We’ve forgotten how to relate to each other because so much communication occurs at a distance. For example, everybody knows you’re not supposed to judge others, but scrolling through Facebook to judge people’s posts and pictures doesn’t feel like it counts. 

It does. 

Meaningful conversations can only occur when you’re trying to see somebody else’s point of view. I might’ve struggled with this more than some people because the more task-driven you are, the harder it is to empathize with others. 

When I realized that and worked towards improving it, it made a massive difference in how I communicate with and react to other people. I don’t judge as much, I strive not to make assumptions as quickly, and I ask better questions to understand what someone else is thinking or feeling.

A New Mindset

Being a Sherpa also means having a ‘mindset of abundance.’ In sales, this means not chasing people down forever, being able to accept a ‘no’ from prospects, and focusing more on the actions you control rather than the results you don’t. 

It’s a sales strategy that has made my job so much easier!

Even better, this mindset helps you in all aspects of your life. It allows you to stop focusing on the little things and not to let minor disappointments become tragedies. 

Getting through the stress of day-to-day living is hard on the best of us. And it’s difficult not to hang so much importance on everything. But when you’re living in a fixed or limited mindset, one that tells you every opportunity is your last, that makes your life even harder. 

On the other side, when you have an abundant mindset, it’s so much easier to take things day by day and live in the moment. 

Let’s say you’re up for a big promotion. If you’re in a limited mindset, you’re probably stressing over it every second of the day, even though you know there’s competition that might prevent you from getting it. If you’re not, then you’re probably not overthinking it. At the very least, you’re not letting it affect your work or your mood after you get home.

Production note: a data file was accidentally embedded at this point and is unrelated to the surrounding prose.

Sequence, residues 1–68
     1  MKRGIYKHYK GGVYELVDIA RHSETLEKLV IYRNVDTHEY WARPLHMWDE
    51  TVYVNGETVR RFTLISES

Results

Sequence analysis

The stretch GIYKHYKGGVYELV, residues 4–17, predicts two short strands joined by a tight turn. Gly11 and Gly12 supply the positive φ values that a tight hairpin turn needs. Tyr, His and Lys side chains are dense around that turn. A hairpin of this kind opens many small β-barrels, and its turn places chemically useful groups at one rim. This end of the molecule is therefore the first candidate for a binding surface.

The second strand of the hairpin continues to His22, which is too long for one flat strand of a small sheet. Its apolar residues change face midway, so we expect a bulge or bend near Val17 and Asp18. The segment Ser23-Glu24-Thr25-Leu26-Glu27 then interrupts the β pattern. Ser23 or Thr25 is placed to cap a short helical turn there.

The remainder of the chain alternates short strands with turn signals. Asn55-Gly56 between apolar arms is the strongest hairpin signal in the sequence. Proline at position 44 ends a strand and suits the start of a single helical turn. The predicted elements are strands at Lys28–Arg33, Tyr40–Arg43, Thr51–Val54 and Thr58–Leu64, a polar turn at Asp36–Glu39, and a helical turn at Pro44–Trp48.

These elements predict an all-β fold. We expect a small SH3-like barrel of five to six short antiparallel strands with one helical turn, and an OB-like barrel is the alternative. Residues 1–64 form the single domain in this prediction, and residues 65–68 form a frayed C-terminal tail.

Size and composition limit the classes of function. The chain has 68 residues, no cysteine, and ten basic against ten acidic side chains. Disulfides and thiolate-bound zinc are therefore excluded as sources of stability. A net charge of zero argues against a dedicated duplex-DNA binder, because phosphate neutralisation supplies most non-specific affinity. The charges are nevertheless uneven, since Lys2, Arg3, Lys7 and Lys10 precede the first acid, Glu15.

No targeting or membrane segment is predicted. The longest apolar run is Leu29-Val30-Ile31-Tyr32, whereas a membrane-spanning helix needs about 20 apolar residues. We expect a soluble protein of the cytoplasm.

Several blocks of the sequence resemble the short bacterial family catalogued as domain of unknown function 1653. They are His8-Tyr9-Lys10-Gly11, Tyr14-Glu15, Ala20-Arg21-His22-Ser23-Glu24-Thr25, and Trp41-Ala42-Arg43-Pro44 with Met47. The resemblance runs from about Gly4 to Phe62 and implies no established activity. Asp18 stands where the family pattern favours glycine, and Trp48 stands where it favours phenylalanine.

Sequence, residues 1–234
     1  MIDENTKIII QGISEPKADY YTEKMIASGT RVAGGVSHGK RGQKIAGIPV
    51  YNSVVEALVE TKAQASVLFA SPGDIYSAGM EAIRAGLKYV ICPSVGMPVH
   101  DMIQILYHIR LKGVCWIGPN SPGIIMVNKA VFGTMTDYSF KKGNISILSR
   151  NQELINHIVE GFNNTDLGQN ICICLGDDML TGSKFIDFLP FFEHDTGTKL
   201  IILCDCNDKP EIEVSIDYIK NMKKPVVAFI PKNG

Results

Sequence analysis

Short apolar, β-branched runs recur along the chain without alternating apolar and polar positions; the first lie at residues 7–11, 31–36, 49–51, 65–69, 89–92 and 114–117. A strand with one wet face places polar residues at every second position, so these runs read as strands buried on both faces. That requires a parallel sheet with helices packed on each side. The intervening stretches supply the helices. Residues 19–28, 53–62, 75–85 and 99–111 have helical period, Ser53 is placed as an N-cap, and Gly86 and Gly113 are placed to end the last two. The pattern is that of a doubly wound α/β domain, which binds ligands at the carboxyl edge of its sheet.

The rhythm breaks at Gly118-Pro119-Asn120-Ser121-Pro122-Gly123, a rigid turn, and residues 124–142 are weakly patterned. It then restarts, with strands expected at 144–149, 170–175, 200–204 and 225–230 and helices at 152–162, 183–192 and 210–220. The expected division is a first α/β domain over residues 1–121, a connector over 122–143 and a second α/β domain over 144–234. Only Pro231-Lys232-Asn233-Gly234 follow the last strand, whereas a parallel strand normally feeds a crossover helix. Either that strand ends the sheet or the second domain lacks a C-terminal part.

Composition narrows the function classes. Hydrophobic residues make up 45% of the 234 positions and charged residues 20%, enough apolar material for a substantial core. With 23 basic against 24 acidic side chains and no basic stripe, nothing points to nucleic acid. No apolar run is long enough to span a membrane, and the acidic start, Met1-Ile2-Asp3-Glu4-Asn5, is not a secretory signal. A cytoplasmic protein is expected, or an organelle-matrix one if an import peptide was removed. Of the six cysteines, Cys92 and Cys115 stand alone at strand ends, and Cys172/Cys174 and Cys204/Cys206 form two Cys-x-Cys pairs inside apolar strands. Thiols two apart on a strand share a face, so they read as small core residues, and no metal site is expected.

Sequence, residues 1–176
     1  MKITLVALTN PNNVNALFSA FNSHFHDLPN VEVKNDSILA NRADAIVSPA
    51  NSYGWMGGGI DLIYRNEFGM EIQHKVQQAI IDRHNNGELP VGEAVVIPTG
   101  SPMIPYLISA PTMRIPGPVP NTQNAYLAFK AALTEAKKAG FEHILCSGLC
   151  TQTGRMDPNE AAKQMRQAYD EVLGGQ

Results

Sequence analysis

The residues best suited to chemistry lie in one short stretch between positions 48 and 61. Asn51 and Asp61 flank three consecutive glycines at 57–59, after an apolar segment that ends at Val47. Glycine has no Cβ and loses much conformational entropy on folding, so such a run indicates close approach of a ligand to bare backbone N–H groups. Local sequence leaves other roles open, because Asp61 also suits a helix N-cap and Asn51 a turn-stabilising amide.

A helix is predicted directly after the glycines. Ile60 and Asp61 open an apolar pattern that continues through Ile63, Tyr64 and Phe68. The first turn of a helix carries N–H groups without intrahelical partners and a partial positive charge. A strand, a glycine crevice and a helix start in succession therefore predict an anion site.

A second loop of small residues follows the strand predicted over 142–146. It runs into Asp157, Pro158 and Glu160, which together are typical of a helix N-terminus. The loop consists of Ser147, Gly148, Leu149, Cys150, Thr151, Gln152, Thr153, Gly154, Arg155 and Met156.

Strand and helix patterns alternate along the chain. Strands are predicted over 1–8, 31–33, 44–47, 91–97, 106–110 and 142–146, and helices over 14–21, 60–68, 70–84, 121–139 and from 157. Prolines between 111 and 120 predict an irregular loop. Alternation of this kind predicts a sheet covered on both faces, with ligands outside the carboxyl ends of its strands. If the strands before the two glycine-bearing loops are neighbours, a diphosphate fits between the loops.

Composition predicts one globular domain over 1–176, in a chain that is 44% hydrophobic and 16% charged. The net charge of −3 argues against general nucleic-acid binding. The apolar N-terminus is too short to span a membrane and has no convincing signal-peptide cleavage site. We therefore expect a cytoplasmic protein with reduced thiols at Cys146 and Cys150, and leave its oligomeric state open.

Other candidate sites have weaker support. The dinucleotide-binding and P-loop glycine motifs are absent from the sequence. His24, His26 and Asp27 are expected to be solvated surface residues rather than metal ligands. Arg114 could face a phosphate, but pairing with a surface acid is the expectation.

As it turns out, you don’t get it. 

With a limited mindset, you’re crushed. You feel cheated, you contemplate quitting, and you don’t know what your future holds. Worst of all, it’s not likely that you’ll take the time to learn what you could have done differently or what you can do next time to improve your chances.

Too often, people in a limited mindset just give up.

On the other hand, with an abundant mindset, you congratulate whoever did get the promotion because you’re genuinely happy for them. You talk to your boss to find out how they came to that decision, and you keep the lines of communication open about being interested in future promotions. Then you go about your business because you know that there will be other opportunities down the road. 

That’s not to say having a mindset of abundance is easy; it’s absolutely not. But when you can achieve it, your life is more enjoyable and peaceful.

Trust me; I’m not fully there every day of my life yet. I’m not sure I know anybody who is. However, I think and journal about it enough that I can maintain that attitude reasonably sufficiently. There are moments when I lose it, but for the most part, I’m pretty good at remembering that there are always more days, more opportunities, and there’s always going to be enough to go around.    

Finally…

I didn’t create Sherpa as some answer to a sales strategy that I believed didn’t work. It’s a process that evolved through my own experience and from reading and learning from many resources. 

Yes, other methodologies have influenced parts of it. I wouldn’t pretend otherwise. 

But my approach comes from a lot of different places, not just sales. Martial arts, poker, philosophy, psychology. These things have influenced how I practice, the way I think, and the way I communicate. And, of course, the way I sell. 

I know it can work for a lot of people because it works for me. 

At first, I didn’t realize that, as my methods slowly improved, that they were changing my interactions with my partner, my family, and my friends. They were, though, for the better. 

So when somebody asks me if I ever talk about anything other than sales, I just think about the fact that anybody can learn and relate to almost everything I talk about because it goes so far beyond sales. You just have to be open to listening about it and thinking about it on your own terms.

What is SHERPA? Read more about it here: 

Skeptical: Skepticism is Part of Great Sales Communication

Helpful: Salespeople are Helpers Too

Empathetic: Empathy in Salespeople

Resolute: The Resolute Salesperson

Practiced: Why We All Need a Sales Dojo

Accepting: Learning to be More Accepting in Sales